The Pogonip is within the city boundaries adjacent to the university and accessible from Spring Street and from Highway 9 (via Golf Club). The Pogonip is an old country club which has reverted to a fairly natural state. It sits on the side of a hill and has great views as well as great natural items. Numerous springs fill the creeks, as well as a special fish pond along the Spring Box Trail.



Events and Festivals


  • New Year’s Eve - The US celebrates the outgoing of the old year and incoming of the New Year quite dramatically. Every state boasts its own parties to ring in the New Year, but none is more extravagant than New York’s Time Square, which sees people overflowing into the neighboring restaurants, bars, parks, beaches, and neighborhoods.
  • Martin Luther King Jr. Day (officially Birthday of Martin Luther King, Jr. and sometimes referred to as MLK Day) is an American federal holiday marking the birthday of Martin Luther King Jr. It is observed on the third Monday of January each year, which is around King's birthday, January 15. The holiday is similar to holidays set under the Uniform Monday Holiday Act. The earliest Monday for this holiday is January 15 and the latest is January 21. King was the chief spokesperson for nonviolent activism in the Civil Rights Movement, which successfully protested racial discrimination in federal and state law.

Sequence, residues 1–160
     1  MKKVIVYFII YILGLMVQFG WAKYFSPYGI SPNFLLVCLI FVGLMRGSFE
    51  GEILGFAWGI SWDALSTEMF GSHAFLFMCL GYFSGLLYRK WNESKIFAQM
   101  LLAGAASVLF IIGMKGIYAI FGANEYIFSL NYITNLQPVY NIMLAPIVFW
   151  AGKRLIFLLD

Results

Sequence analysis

• St Patrick’s Day - March 17 celebrates the US’s large Irish population. Many cities around the country boast boisterous parades and Irish-themed parties, especially New York and Chicago, where the river is dyed green. Be wary of the drunkenness that dominates as this is definitely a party-day.